Austin is bursting with enthusiasm for food. Even better, our city fosters innovative startups that add to the richness and experience of the food scene.
Foodies, food trucks, and fans of food in general have thrived and grown over the last twenty years, driven by the mix of musicians, college students, and artists seeking cheap and delicious food. Thus the food truck phenomena hit Austin first, giving our city a reputation for being a scrappy player in the food scene.
The recent surge of interest in startups and entrepreneurship has encountered the food movement here, creating the ideal climate for food-related incubators fostering the birth of new food companies. One new innovator entering the market is Molly Lindner with her company, Choxolat.
Lindner’s description of the creation of Choxolat offers a glimpse into how her process might provide a model to other innovators who seek access to Austin’s unique and vibrant food culture. Her process includes methodical due diligence, careful gathering and curating of knowledge from experienced mentors, and experimentation with new ideas. Successful entrepreneurs build their companies by paying attention to this process, gathering first-hand knowledge that offers entrepreneurs entry into the business world in ways that give their startups a fighting chance to survive and thrive.
But what is noticeable and a bit unsettling is the number of young startup teams that want instant access to a food scene that is complicated and still emerging here. What these new teams lack is a sense of the importance of process.
While living in Mexico City and working for USAID, she became interested in the coffee business. With connections in Austin, she took a few research trips to explore the local coffee scene. She noticed that Austin’s baristas were doing just fine without her, a potentially disappointing discovery. Except she also observed that these coffee geeks infuse their chocolate flavored drinks with unexceptional syrups. This paradox inspired a different business concept: Lindner’s Choxolat would provide baristas with an equally exceptional and consistent drinking chocolate, called Sip, to match the quality of their coffee.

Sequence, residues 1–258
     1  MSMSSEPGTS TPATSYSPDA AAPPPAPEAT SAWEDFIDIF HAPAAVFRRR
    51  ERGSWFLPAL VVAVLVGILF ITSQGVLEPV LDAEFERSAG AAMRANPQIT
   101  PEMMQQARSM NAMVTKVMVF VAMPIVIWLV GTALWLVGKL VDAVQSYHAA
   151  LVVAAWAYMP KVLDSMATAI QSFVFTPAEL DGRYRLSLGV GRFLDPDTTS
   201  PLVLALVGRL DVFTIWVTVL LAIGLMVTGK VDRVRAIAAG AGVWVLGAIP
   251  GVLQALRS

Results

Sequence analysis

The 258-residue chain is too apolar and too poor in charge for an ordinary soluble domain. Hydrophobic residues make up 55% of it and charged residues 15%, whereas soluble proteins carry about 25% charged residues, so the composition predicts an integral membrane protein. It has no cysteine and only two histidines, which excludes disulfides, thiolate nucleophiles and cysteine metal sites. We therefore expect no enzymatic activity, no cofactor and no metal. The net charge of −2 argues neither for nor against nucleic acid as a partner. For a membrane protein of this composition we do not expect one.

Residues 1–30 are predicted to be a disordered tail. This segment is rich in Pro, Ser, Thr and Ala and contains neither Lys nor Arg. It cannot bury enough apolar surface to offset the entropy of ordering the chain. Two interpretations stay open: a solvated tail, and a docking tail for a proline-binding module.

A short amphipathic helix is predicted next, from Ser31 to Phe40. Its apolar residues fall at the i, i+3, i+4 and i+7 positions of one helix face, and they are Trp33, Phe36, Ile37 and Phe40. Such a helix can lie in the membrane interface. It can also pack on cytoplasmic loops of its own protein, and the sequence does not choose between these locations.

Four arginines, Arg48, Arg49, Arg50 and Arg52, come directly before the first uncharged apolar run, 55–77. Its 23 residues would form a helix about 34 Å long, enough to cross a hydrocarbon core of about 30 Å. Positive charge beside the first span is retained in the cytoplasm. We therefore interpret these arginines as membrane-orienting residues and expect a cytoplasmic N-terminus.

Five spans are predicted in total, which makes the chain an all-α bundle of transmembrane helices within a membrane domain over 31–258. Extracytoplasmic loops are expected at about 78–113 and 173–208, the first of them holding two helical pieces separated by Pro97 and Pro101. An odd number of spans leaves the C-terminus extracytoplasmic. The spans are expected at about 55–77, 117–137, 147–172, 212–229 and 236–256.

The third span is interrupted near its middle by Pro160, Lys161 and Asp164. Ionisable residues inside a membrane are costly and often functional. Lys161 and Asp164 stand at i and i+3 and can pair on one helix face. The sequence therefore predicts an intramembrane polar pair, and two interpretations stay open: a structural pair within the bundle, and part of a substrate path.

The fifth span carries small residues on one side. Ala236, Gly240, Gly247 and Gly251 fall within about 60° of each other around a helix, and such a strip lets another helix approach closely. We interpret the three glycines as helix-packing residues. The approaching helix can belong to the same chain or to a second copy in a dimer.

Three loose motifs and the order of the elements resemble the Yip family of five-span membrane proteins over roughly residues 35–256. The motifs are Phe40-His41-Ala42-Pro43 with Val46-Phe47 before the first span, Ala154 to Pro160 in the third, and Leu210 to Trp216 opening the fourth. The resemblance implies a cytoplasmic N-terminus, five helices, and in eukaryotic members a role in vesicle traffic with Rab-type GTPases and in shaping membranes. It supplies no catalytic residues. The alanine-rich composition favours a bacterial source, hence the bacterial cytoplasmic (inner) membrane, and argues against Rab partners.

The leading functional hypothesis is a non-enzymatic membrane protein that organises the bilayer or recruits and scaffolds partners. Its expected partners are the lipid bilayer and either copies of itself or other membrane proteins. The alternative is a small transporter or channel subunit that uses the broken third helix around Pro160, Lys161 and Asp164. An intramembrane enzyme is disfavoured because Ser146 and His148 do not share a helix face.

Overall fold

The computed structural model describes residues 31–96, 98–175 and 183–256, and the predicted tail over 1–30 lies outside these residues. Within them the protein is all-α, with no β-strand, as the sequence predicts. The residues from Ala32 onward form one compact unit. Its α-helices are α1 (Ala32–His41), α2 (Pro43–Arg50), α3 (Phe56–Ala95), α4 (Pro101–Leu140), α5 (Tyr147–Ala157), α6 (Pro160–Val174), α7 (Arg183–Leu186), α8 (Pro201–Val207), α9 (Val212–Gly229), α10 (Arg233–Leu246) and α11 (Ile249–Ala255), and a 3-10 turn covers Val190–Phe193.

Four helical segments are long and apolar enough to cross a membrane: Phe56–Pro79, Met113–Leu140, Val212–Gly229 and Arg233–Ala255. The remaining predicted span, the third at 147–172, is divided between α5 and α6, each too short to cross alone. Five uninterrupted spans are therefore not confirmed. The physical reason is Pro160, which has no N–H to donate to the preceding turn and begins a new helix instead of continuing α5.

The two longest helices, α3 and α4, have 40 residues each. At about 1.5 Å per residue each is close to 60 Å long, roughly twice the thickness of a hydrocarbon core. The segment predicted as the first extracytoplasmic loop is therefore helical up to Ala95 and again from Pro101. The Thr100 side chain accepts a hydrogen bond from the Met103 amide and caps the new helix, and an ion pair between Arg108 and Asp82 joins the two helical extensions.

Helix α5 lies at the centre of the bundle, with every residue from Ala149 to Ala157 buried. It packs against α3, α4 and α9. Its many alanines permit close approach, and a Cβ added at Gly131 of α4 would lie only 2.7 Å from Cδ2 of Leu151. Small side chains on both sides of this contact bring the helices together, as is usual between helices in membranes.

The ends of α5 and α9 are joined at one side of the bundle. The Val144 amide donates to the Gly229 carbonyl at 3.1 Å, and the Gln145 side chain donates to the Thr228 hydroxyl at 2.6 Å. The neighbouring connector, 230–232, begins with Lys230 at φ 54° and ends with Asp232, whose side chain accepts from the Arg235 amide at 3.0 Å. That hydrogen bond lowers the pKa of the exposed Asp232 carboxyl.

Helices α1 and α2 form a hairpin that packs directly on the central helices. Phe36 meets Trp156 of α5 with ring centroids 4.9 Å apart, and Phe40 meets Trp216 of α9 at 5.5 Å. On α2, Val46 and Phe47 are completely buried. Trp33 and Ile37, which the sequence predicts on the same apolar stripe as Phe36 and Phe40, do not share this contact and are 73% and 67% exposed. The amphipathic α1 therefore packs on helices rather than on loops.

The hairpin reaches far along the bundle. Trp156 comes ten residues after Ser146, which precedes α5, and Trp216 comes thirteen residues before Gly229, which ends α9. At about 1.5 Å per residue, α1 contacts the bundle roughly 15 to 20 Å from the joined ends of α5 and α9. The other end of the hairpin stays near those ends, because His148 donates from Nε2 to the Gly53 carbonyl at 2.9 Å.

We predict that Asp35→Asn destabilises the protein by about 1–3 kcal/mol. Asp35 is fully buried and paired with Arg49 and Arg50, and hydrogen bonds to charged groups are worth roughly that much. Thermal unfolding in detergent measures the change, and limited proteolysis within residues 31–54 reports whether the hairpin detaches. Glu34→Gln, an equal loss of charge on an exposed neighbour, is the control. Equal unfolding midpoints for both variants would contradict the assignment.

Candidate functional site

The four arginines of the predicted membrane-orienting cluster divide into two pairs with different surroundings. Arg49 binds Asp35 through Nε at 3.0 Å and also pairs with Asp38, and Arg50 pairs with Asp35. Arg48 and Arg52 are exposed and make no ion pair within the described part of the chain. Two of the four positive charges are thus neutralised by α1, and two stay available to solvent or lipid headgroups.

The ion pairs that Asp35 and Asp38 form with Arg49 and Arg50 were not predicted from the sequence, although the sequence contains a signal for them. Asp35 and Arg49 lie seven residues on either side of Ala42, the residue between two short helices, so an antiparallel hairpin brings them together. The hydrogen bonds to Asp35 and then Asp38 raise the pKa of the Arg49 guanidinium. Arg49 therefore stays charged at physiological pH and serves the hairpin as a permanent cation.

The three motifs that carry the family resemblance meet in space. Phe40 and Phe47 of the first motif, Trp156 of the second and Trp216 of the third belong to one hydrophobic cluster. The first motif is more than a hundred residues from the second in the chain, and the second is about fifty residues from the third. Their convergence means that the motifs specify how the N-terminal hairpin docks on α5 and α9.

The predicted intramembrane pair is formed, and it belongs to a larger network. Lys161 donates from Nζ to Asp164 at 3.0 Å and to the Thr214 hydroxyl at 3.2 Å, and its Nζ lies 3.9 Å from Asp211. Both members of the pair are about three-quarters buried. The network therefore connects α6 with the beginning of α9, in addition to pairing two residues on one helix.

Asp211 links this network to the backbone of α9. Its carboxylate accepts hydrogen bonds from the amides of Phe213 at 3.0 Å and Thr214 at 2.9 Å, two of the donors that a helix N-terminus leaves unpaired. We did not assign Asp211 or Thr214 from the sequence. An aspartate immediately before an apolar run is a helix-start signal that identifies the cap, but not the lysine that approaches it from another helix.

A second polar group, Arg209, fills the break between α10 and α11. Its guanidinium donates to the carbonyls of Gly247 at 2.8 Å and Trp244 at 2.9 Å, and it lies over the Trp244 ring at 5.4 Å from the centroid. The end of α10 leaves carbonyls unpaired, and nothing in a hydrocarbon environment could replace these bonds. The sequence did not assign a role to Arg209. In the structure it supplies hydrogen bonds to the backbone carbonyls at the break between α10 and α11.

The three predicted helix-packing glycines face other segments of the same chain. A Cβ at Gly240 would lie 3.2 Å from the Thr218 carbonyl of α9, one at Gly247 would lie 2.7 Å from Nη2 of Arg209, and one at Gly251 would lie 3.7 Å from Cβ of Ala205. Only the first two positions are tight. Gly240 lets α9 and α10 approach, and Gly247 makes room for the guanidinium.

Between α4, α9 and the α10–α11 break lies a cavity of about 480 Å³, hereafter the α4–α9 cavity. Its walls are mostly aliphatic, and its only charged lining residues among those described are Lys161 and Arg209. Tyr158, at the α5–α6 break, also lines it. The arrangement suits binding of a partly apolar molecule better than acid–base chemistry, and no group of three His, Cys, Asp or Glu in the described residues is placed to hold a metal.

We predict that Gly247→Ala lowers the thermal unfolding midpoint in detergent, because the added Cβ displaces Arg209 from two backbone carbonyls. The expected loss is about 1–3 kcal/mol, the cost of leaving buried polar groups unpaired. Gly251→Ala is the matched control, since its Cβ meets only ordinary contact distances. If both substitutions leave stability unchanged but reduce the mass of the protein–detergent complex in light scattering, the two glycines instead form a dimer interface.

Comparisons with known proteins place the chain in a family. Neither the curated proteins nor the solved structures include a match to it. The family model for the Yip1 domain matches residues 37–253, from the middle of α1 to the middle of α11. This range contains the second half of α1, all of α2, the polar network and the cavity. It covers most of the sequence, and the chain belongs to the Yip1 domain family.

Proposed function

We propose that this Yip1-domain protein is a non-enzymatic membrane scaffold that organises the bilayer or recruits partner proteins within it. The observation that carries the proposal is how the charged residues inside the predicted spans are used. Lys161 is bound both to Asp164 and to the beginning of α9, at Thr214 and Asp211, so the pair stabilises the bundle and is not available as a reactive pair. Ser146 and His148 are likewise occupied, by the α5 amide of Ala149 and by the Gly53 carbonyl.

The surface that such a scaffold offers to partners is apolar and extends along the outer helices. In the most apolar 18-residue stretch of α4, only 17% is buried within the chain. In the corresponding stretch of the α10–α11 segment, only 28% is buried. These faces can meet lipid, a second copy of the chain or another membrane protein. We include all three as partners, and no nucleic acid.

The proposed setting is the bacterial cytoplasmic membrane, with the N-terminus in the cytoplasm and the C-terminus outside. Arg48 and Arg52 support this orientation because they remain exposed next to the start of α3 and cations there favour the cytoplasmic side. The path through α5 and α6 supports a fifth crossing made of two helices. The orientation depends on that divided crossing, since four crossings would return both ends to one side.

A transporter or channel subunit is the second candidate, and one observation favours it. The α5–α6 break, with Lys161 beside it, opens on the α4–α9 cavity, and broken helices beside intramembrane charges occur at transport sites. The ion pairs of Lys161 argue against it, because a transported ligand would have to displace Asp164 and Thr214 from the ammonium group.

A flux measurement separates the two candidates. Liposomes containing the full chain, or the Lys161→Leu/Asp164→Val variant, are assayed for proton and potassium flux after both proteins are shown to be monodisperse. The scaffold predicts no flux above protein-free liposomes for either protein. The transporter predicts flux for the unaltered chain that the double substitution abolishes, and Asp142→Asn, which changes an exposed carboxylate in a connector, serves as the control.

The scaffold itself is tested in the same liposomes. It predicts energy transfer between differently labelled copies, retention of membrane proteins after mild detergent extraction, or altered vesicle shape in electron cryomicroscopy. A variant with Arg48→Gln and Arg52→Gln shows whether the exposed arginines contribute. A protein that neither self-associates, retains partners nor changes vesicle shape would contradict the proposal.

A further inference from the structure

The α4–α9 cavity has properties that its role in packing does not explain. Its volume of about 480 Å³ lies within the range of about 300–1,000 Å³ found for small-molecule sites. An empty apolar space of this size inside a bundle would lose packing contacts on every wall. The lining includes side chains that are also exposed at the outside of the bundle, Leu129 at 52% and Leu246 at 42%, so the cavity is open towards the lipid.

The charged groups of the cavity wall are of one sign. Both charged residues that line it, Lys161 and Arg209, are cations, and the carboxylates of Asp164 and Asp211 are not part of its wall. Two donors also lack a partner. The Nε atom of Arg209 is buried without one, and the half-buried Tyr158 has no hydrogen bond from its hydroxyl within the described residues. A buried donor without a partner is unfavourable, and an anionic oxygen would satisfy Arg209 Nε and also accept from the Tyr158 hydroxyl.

The process continued and included trips to the San Francisco Fancy Food Show where she found a food business coach. With a coach knowledgeable about launching a food business in tow, Lindner then assembled the rest of her “A” team of specialists: a chocolatier and a public relations and marketing company. These three individuals brought skills that compliment Lindner’s persistent discovery and education.
Why do many startups fail? They fail because they are in a hurry. Many new entrepreneurs are in a rush and forget the importance of not only meeting those in the food scene but of listening to them. Because many entrepreneurs are impatient, they are often motivated more by “running a company” than finding an opportunity for solving a problem. They often startup a business that is long on enthusiasm and short on knowledge.
A blend of three high-end chocolates finely ground into a powder quickly combines with milk to produce a rich dark chocolate drink that combines well with coffee or thrives on its own. Her powdered blend of Belgian chocolate is 60% cocoa with the addition of sugar and Himalayan pink sea salt, her signature Sip drink that is called Dark with Sea Salt.
Lindner and her family are moving to Austin as her drinking chocolate is hitting the stores. She is actually selling more to the local retail market, which has discovered that her blended, powdered drinking chocolate stands on its own. Spicy Spice, Peppermint, and Dark Cherry are some of the other flavors in her line of chocolate powders. And just for fun, her customers, baristas and chocolate-sippers alike, sell her marshmallows, which she describes as like “clouds on a sunny day.” Sip’s chocolate beverages are available at Austin’s farmers’ markets and Austin retail stores such as Whip In and Thom’s Market.
Sip is a product of Choxolat Concepts, Lindner’s company in Austin. Following in the tradition of 17th century European coffee houses, baristas in Austin will now be able to provide their customers with fine chocolate along with their artisanal coffee beans.